“Can I get a tour?”
The voice came from behind me. I had just bade farewell to my last group of tour guests and was watching their minibus leave the Car Park through the Lion’s Gate.
“Sorry – I’m just finished for today” I said as I turned towards the voice. I was tired and hungry and it was starting to get dark on that July evening.
It was an old gentleman, wearing a full-length dark coat, with a hint of a purple robe underneath. “Can you come back tomorrow?” I said – he shook his head and explained he was only in the area for a few hours and wanted to see some places from his past. He had no money either, but he would send me something later, if I gave him my address.
Normally, I would have refused, but there was something so earnest in his manner that I agreed to take him for a brief walk around, before it got too dark.
“Have you been to Downhill Demesne before?” I asked him.
“Oh yes many times, but not for quite a few years.” He had a strange accent, somewhere from the south of England but very old-fashioned, even aristocratic.
So we started the tour, and I took him to the story board with the picture of the builder of the Downhill House, that of the Earl Bishop, Frederick Augustus Hervey. My big fact of the day, that I had wowed my previous tour guests with was that today 8th July 2003 was the 200th anniversary of the Bishops death, but he just nodded knowingly.
So we began our tour, walking from the car park, through the Walled Garden, past the Dovecote, down to the Cliff Edge and round to Mussenden Temple. He said very little but listened intently, as I told him stories from the area about the O’Cahans, Binevenagh, the Railway tunnels and not forgetting the Earl Bishop himself and his successors, the Bruce Family and the National Trust. He was particularly interested in the period of history after the death of the Earl Bishop, he seemed to know the earlier stuff already. From his manner, I took him to be some sort of retired academic, a history professor perhaps, and definitely a bit of an eccentric.
On arrival at the Mussenden Temple, he became more animated. He could not believe how close it was to the Cliff Edge, and he paced around and muttered and shook his head. I assured him that the National Trust had secured the cliffs, at least in the medium term by underpinning and he relaxed. I told him how the Temple was built as a memorium to the Bishop’s second cousin Frideswide Bruce who had died quite young, not long after marrying Daniel Mussenden. He raised his eyebrows as I told him about the rumoured romantic link between the two, and he looked to the heavens and said “Well, she was a beauty”.
We turned and walked back towards Downhill House and he shook his head as I told him about how the House had burned down but was rebuilt again in the mid 1850’s. I pointed out on the left the ruins of the belvedere known as Lady Erne’s seat, called after the bishop’s oldest daughter, and he mumbled, “Yes, Mary was always my favourite”.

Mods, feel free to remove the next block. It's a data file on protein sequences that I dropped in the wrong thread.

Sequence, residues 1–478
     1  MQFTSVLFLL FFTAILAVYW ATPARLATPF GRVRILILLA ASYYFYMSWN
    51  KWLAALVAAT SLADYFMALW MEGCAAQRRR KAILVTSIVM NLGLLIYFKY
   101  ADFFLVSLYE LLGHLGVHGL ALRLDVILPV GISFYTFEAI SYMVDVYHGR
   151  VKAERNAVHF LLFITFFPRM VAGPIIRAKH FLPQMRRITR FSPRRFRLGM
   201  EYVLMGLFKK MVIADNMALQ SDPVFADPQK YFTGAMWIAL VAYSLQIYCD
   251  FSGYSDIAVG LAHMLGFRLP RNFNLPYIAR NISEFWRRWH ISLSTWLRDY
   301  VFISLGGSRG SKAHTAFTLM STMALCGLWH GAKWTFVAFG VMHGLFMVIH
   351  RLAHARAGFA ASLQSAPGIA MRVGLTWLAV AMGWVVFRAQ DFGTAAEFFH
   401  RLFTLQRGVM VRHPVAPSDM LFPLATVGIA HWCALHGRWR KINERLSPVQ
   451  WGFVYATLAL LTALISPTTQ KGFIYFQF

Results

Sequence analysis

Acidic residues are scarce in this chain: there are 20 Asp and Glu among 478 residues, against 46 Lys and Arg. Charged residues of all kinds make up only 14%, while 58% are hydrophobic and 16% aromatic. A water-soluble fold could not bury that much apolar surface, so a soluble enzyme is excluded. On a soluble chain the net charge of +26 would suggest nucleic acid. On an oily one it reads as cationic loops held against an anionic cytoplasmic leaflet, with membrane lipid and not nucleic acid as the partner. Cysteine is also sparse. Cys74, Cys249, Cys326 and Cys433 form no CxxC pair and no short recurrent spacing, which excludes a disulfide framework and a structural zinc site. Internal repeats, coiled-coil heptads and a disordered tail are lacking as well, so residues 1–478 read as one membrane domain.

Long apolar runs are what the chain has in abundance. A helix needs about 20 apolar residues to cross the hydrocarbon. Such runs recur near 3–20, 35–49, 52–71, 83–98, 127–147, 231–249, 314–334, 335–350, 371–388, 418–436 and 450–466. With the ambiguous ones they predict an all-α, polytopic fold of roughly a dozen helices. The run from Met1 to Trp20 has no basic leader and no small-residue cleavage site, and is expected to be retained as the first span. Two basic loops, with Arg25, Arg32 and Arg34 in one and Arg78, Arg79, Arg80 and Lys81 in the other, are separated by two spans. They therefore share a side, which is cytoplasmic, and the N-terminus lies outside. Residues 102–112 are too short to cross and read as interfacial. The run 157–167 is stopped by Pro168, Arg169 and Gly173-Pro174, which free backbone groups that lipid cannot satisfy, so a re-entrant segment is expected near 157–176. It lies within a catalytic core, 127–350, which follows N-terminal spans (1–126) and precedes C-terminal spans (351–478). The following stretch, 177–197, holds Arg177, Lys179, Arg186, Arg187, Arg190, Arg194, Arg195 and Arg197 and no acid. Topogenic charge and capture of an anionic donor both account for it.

Then we reached Downhill House, and as we walked through the courtyard towards the main building, I took out my phone and played the Londonderry Air as some background music as we walked, and I told him of the parties hosted by the Earl Bishop and how the blind harpist, Denis O’Hampsey played this on his harp along with local volinists.
The transformation of my guest was unbelievable as he started excitedly rushing around the house, telling me stories of parties and of anecdotes of the Earl Bishop. How he laughed as he told of how the Bishop put baking powder on the corridors to see which guests had nocturnal visits to other rooms during the night.
For a few minutes our positions changed as the tour guide became the tour guest, as he told me story after story of the House, and of the life of the Bishop and his travels throughout Europe, visiting the courts of kings and queens and of collecting art treasures from Italy, Germany, France and Spain.
All too soon it was time to leave the House, as the light was nearly gone. I pointed out the mausoleum to the bishop’s brother George, the 2nd Earl of Bristol, which had been damaged in the great wind of 1839. When I told him of how the statue fell and was recovered minus its head and is now in the nearby garden, he shook his head and sighed “Poor George”.
We walked in silence back to the car park. I wanted to ask him so much more – his knowledge of the Bishop was amazing, could he share his research with me, had he written a book or academic paper, were just some of the thoughts that went racing through my mind.
As we reached the car park, he thanked me for the tour. “Bless you, my dear boy” he said and touched me on the shoulder. It was a friendly, but strangely cold touch on such a mild summer’s evening.
“Let me get you my address” I said and went to my car to get a page to write it down. When I returned, he was gone, vanished as quickly and quietly as he had appeared.
Well that was nearly 20 years ago, and I’ve never seen him since. While he never paid me with money, the stories he told have remained with me, and enthralled my guests from that day to now, as we visit this beautiful and magical place, of the Downhill Demesne.